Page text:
Speculation about the origins of Dutch producer Pascal Pinkert’s droll-sounding alias Dollkraut is hard to resist. A homage to his beloved Krautrock influences? No. A doll made of weed? No. A poisonous plant? Erm. Because he liked it? Most likely. The down-to-earth Dutchman with floppy curls also likes the past, prefers analogue to digital, has a penchant for comics, ‘70s B-movies and yes, you guessed it, old vinyl.
Dollkraut’s first release, Shimanski’s Black Lullabies, left the impression of a nostalgic musician, concerned as much with sound’s aesthetic as with its sonic impact, superbly talented and a tad eccentric. His second full-length album, Holy Ghost People, does not change this perception one bit, though it adds intricate musical layers aplenty to the producer’s erudite library of musical and cinematic tastes.
Poking for references in the self-confessed patchworker’s oeuvre is as much a thankless task as it is a revelation and a pleasure. When first listening to Holy Ghost People, a little frustration added itself to the mix when familiar sounds revealed themselves as tricky to track down and never quite showed up where I expected them.
That is Dollkraut’s sweet spot. The tracks impress by how closely they resemble so and so, without exactly emulating anything: some post-punk pastiche, an echo of electroclash, the second half of the album swallowed up by a sexy ‘60s Wild West aura, did I mention Portishead? Sounds like a cup of tea I would happily dip my biscuit in.
The melancholic slant, perceptible on earlier Dollkraut tracks ‘Rollercoaster’ and ‘Fire’, firmly takes hold on Holy Ghost People. I always considered Ladytron’s 604 the epitome of deadpan melancholy; Dollkraut captures a similar vibe but strips it of its stand-offish cool. The result is a much more sombre and mysterious affair, like visiting a graveyard at the witching hour to find it drowned in a warm pool of flickering candle lights.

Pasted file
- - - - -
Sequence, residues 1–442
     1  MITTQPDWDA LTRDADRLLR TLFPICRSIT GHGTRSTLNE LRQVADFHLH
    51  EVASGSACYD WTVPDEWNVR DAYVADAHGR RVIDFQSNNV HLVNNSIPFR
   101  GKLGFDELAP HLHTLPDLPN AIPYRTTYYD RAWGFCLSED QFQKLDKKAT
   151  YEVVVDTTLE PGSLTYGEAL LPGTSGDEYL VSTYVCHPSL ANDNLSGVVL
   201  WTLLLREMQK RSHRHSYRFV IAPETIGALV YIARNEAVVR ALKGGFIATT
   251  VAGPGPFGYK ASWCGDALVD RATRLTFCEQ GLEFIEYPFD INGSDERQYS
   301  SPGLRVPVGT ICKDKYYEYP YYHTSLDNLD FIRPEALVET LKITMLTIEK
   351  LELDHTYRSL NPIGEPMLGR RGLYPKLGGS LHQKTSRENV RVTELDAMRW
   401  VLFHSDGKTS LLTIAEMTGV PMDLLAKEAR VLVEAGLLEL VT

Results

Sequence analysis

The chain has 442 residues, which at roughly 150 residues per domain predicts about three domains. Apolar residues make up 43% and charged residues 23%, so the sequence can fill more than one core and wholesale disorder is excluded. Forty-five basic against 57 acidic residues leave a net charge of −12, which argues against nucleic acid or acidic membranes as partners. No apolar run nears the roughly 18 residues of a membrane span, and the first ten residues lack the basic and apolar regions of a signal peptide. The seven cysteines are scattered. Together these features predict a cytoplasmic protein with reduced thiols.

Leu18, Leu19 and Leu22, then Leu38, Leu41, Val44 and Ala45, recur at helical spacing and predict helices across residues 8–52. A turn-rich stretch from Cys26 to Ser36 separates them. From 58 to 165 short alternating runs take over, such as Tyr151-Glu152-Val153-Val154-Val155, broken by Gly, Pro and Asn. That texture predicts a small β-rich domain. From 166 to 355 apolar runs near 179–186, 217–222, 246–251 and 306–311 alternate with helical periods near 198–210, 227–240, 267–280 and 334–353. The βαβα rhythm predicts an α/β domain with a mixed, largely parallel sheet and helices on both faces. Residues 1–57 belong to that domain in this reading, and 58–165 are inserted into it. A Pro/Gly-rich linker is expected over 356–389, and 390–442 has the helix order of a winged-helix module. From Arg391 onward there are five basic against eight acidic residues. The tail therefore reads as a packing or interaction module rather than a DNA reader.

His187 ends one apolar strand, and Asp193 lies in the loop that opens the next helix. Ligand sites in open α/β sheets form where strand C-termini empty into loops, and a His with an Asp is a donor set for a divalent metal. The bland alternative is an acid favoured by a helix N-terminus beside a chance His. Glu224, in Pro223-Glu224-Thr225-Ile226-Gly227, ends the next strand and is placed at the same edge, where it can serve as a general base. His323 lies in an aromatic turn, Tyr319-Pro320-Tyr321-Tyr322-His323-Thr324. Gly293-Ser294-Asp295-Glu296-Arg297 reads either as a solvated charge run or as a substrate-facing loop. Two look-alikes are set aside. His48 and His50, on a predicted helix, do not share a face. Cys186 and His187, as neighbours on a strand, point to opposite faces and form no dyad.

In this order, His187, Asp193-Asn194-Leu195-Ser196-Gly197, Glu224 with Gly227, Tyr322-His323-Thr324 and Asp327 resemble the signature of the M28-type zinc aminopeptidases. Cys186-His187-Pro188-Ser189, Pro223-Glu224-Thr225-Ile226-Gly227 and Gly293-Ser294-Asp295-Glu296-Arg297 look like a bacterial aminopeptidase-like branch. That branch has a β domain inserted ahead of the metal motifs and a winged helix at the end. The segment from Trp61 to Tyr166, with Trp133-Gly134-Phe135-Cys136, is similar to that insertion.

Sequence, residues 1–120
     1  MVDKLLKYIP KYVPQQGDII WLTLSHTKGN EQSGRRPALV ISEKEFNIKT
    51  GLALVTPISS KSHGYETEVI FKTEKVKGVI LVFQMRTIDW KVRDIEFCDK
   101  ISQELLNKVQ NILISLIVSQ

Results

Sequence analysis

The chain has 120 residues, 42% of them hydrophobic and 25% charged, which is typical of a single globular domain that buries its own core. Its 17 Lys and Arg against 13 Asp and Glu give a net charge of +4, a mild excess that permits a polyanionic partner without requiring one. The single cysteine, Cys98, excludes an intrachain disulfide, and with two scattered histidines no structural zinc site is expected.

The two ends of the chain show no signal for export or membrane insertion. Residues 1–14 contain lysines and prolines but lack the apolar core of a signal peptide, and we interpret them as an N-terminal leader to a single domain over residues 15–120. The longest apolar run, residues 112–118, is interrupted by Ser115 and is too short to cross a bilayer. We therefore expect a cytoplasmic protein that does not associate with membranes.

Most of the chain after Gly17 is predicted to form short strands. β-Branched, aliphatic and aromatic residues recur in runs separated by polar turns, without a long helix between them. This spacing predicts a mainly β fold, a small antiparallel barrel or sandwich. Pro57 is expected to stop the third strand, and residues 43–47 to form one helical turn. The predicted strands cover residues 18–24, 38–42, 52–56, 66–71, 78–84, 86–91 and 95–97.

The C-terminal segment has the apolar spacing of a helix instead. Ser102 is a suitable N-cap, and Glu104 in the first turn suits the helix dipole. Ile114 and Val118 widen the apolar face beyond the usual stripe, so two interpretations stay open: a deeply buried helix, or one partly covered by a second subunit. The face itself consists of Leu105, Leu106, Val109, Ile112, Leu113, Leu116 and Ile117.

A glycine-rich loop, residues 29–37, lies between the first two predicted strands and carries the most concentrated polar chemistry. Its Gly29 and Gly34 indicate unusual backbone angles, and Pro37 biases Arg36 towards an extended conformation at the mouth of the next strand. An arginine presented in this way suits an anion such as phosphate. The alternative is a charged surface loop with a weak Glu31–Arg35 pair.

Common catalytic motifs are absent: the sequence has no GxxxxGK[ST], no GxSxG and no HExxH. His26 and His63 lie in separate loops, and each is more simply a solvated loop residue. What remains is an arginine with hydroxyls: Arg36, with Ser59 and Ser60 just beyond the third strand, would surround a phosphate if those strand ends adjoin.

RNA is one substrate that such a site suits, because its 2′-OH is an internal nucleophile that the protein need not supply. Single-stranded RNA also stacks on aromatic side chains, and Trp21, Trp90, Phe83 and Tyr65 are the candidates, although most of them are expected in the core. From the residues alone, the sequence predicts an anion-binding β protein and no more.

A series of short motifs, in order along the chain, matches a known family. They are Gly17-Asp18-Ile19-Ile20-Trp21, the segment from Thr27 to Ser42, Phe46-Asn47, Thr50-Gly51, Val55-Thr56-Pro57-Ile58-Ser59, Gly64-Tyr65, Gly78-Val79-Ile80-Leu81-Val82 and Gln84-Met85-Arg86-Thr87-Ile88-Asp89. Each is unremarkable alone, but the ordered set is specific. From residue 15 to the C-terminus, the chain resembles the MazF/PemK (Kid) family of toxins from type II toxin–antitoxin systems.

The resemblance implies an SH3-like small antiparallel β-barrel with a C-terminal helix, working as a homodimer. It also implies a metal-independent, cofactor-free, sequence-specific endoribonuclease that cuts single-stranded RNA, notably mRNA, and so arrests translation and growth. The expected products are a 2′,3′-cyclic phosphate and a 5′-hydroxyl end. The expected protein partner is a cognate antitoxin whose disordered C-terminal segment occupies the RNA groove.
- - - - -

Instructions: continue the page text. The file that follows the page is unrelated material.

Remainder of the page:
‘Bonnie Said’ and ‘Valium’ both use an even tempo, simple drums and minimalist bass waves. Dollkraut’s characteristic, drawn-out, spacey synth lines tear them away from mediocrity. The claustrophobic, inward-looking ‘Valium’ is as bit as addictive as the more fun-loving, ‘70s inspired ‘Rollercoaster’, and exactly as you would imagine I-F’s ‘Space Invaders Are Smoking Grass’ to sound after dosing it up with the sleep-inducing substance.
The trip-hop groove on ‘Oblivian’ could have been churned out by artificial intelligence after accidentally being fed someone’s dust-gathering Portishead collection.
‘Holy Ghost People’ feels like being trapped in a Newton’s cradle. As the song seems to take off, the rhythm flows back into itself until you dangle between disparate groove patterns. Requires more focused listening, but when a melody does squeeze its way out from the circular structure, the dedication proves worthwhile.
A prominent, driven beat, reminiscent of Shit Robot’s ‘OB-8 (Winter Mix)’, arrests me on ‘Red Girl’. Dollkraut uses a grittier version of the pulsating, staccato motions employed by Shit Robot. Like Thom Yorke in the magical woods of ‘There There’, ‘Red Girl’ flings itself forward, hurried on by drum beats that work their arses off to keep up with the siren waves of analogue synth – a welcome guest in any indie disco circa 2008, snuck in between Metronomy’s ‘Holiday’ and Klaxons’ ‘Atlantis to Interzone’.
Time has come to leave the sticky dance basement behind and join that big, old world out there. The slow, dreamy ’Beggarman’ could be the score to John Wayne as he sets off towards the sunset in a spaceship, or soothe an unrequited lover who is off to the future, but looks back with a sad smile. Or anything you can muster! Cleverly distilled, ‘Beggarman’ hits all the right spots and makes you bubble with nostalgic glee.
Two deeply enjoyable, psychedelic lullabies fade out the album, both helplessly infused with the evocative sounds of The Shadows and The Doors on ‘Riders On the Storm’.
Where the charming Shimanski’s Black Lullabies was a smorgasbord of influences, derived sounds, a genuinely effective but ultimately safe exercise in nostalgic reverence, I perceived in Holy Ghost People an earnest attempt to forge a more intricate and intimate record. If that was the plan, which it probably was not – Pinkert seems the nonchalant type – then it has come to fruition in the first half of the album. The slower songs, despite their accomplished suggestiveness feel a little too derived for unreserved praise.
I expect Dollkraut to gather a larger following in the UK with this album. Who knows, he might even regret his alias choice when an eager interviewer asks the near-irresistible question for the nth time.